Why More Highway Spending Won’t Rev Up the Economy
An Allendale Strong member recognized further evidence that smart cities are reclaiming inner-city interstates in this recent WSJ article, notably the two following quotes…
Charles Hulten, an economist at the University of Maryland, found that infrastructure investment in developing countries like India resulted in increased productivity and higher growth rates. In developed countries with vast road networks, such as the U.S., new investment resulted in no change in overall productivity and growth.
A group of economists in Spain studying that country’s infrastructure spending between 1964 and 1991 concluded that the investment earlier in the period produced greater economic gains than investments later, when much of the infrastructure was already in place.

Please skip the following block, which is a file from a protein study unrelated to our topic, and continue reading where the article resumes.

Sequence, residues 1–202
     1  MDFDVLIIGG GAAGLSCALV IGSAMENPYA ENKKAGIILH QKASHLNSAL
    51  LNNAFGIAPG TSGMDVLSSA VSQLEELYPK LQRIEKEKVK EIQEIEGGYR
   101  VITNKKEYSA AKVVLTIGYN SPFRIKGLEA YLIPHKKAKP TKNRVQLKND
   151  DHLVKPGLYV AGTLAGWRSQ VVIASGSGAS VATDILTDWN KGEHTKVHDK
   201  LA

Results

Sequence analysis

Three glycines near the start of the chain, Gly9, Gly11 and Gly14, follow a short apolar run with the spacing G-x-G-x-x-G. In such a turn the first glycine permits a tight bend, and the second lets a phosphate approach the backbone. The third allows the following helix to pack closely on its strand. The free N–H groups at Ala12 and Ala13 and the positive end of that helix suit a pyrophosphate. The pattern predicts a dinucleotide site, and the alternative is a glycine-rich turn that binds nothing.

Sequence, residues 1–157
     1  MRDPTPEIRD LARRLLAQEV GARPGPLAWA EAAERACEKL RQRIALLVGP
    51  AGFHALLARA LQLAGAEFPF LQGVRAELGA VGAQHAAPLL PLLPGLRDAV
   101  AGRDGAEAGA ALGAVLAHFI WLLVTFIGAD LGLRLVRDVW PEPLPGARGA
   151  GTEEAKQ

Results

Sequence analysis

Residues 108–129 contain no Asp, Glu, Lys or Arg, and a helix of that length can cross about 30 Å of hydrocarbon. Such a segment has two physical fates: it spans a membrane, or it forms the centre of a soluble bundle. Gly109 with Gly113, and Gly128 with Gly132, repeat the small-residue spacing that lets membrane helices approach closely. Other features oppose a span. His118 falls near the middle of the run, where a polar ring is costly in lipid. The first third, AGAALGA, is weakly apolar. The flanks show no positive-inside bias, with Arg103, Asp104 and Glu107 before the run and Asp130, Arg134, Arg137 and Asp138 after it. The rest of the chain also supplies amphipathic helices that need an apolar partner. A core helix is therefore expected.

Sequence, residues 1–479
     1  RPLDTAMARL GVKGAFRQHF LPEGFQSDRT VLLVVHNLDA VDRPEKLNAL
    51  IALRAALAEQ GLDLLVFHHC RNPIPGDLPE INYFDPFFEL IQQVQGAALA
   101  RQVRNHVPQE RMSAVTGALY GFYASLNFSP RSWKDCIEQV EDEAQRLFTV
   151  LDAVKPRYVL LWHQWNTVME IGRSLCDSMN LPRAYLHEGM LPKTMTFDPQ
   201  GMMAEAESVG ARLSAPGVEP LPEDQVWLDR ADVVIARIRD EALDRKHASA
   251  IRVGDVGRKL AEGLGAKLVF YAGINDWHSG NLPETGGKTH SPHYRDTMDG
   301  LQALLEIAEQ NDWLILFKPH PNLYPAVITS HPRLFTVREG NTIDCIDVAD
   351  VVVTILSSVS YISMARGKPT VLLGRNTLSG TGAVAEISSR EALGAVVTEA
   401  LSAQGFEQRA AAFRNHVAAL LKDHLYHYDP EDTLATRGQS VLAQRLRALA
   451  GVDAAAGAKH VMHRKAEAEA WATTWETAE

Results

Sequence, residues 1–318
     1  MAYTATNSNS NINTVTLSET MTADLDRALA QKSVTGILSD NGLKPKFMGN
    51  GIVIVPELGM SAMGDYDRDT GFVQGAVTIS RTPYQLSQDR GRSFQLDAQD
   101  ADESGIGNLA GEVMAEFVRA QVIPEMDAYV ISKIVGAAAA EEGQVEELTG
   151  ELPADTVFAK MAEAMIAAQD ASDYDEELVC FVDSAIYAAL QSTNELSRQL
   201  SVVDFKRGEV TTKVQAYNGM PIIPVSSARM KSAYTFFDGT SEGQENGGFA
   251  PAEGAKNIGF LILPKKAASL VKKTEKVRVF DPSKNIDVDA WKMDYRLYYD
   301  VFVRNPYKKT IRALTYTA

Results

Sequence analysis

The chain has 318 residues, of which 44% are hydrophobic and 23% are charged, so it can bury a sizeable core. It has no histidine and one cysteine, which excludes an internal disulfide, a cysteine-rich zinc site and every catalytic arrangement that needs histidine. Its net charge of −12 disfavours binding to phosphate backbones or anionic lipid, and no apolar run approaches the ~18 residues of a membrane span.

Researchers have also found that in developed countries, whatever local benefits come from highway improvements come at the expense of other locations. In other words, road spending reallocates the pie but doesn’t make it bigger.
Mr. Duranton and two co-authors, Geetika Nagpal and Matthew Turner, both of Brown University, suggested in a paper last year that new investments “lead to a displacement of economic activity while net growth effects are limited.”
In a 2012 paper, San Francisco Fed economists Sylvain Leduc and Daniel Wilson found that new spending on roads can boost an area’s economy at two specific times: immediately after the new spending has been announced, and six to eight years later, when construction is under way. Beyond 10 years, there were no economic benefits to infrastructure spending, they found.
Moreover, the immediate effect applies only during recessions, they wrote. It’s unclear whether the U.S. would see that short-term boost now that the economy is expanding rapidly.